Nigel Farage’s band of modern-life-is-rubbish disciples will likely top next year’s Euro polls. Such momentum may propel them towards a double-digit general election performance in 2015. If so, the Tories’ hope of a majority is dead: Ed Miliband will become prime minister as leader of the largest single party.
Though the local elections were scarcely a bundle of laughs for the Lib Dems, there’s a fair amount of schadenfreude to be wrung out of observing all this. Take, for instance, today’s ConservativeHome survey indicating that two-thirds of Tory party members are open to a pact with Ukip, with 34% definitely wanting one.
Quite how a pact will diminish the Ukip vote and/or increase the Tory vote, I’m not sure. Will a potential Ukipper see the party allying with the Tories and think, “Ah, well now I know I shouldn’t take Mr Farage seriously”? Hmm, I doubt it. It seems more likely to encourage them to think, “Voting Ukip seems to get everyone’s attention – I’d better keep doing it.” If enough conservative-inclined voters think that way, look forward to seeing Ed Miliband waving from the steps of Number 10 in two years’ time.
Of course the Ukip threat is a product of the Tory party’s own failure to accept what’s staring it in the face. As Tim Bale points out to ConservativeHome readers today, if the party had any sense it would embrace electoral reform:
There really is a serious risk that Nigel Farage might split the right-wing vote in this country and therefore let Labour in on just over a third of the vote. … We need to fix that system to take account of the fact that, for whatever reason, British voters are no longer content to stick with the two parties that first-past-the-post inherently favours. The only way we can do that is to plump for PR – not the miserable little (and non-proportional) compromise that was AV, but a fully proportional system like the Mixed Member Proportional variant chosen by New Zealand in the 1990s and which was recently re-endorsed by them in a referendum. One of today’s grandest political paradoxes, however, is that those most determined not to fix Britain’s broken electoral system are those who would most obviously benefit from that chance – a Conservative Party that hasn’t won an overall majority for a full twenty years and (unless Labour implodes) doesn’t look set to do so again any time soon.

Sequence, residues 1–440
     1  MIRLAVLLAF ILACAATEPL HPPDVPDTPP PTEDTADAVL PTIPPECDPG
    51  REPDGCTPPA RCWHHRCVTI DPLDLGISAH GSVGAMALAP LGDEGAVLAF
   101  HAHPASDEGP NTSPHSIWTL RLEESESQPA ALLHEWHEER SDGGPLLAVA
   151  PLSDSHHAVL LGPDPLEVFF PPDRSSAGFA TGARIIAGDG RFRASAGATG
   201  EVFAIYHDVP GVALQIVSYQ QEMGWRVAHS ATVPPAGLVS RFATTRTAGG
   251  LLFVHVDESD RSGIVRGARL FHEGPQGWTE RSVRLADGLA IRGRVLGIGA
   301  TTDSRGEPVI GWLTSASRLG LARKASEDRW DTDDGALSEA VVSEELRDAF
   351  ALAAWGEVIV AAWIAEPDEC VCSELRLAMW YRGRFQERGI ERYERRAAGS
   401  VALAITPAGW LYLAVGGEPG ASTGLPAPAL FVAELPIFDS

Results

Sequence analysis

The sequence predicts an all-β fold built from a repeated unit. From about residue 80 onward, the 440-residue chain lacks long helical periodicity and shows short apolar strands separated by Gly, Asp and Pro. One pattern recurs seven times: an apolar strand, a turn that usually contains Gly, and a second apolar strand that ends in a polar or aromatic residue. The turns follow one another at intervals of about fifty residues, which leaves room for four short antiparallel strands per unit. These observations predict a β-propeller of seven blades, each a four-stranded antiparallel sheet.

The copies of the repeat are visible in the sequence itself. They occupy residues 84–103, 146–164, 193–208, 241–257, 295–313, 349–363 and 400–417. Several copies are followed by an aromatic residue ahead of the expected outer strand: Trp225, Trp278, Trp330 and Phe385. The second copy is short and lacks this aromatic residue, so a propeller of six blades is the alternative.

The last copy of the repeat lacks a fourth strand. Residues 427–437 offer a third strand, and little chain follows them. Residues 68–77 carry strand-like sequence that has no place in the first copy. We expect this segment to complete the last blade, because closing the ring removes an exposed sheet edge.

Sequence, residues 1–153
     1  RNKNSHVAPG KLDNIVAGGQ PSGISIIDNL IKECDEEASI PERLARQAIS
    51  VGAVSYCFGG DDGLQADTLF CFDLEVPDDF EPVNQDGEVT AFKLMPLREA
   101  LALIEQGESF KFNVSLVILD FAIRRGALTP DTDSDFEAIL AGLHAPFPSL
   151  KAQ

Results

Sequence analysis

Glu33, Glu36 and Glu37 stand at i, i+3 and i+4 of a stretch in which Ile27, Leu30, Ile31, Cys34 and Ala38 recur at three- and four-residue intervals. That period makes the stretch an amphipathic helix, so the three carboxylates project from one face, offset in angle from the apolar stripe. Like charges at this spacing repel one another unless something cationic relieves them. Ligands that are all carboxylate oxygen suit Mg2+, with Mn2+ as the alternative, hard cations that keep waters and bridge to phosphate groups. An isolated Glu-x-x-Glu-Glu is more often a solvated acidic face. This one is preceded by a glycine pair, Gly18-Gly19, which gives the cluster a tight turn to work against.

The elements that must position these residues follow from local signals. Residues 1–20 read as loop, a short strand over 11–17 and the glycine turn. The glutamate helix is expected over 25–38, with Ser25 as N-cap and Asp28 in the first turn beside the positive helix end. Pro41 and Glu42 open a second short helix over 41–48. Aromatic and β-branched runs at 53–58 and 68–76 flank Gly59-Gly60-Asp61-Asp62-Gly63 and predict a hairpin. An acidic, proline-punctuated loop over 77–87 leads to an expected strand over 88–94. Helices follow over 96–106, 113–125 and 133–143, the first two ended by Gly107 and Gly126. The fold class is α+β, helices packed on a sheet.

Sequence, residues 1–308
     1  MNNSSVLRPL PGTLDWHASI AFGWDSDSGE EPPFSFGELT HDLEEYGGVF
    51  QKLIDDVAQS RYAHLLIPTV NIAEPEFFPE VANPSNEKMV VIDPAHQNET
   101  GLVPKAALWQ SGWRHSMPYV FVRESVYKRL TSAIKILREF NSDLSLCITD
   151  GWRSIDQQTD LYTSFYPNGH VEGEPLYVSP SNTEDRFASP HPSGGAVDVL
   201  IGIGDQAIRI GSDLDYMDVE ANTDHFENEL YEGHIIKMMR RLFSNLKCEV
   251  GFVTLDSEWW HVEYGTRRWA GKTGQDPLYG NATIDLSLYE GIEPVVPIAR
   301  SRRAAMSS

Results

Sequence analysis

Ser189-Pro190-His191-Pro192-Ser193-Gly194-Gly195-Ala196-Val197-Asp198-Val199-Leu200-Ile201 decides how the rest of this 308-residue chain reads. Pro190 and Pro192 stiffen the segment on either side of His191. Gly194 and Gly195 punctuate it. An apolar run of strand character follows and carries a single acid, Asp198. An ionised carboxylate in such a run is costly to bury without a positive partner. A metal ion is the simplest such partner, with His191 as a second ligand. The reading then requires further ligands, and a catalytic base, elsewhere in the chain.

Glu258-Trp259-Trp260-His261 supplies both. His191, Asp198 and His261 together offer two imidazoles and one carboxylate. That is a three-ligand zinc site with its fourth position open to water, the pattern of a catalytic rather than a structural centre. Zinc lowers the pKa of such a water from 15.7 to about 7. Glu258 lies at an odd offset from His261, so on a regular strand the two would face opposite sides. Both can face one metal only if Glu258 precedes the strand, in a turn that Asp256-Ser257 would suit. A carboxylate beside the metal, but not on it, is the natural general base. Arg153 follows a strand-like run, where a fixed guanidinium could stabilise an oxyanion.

I made a similar point here on LDV over a year ago:
It is some irony that it is those Tories who were most viscerally opposed to electoral reform who worry most about the rise of Ukip. Yet Nigel Farage’s mini-insurgence would be of little consequence to Tories, most notably in the Eurosceptic south-west where first-past-the-post may help the Lib Dems to fend off a Tory challenge, if voters could rank their preferred parties and candidates.
There is an odd lack of self-confidence within the Tory party. For all their talk of the wish to build a Conservative majority at the next election, they seem perversely unwilling to try and do so by persuading a majority of the public to back conservatism at the ballot box. I suppose I should be grateful the Tories haven’t yet grasped that their best hope of keeping Britain conservative is to offer the people true democracy.
England (to a lesser extent the UK) is intrinsically a small-c conservative country. It is primarily the big-C Conservative party’s nervous inability to accept that simple truth, combined with the party’s innate assumption it should rule alone and on its own terms, which prevents it building that small-c conservative electoral hegemony.
John Stuart Mill once famously said: “I never meant to say that the Conservatives are generally stupid. I meant to say that stupid people are generally Conservative.” It increasingly looks like he was only half right.
* Stephen was Editor (and Co-Editor) of Liberal Democrat Voice from 2007 to 2015, and writes at The Collected Stephen Tall.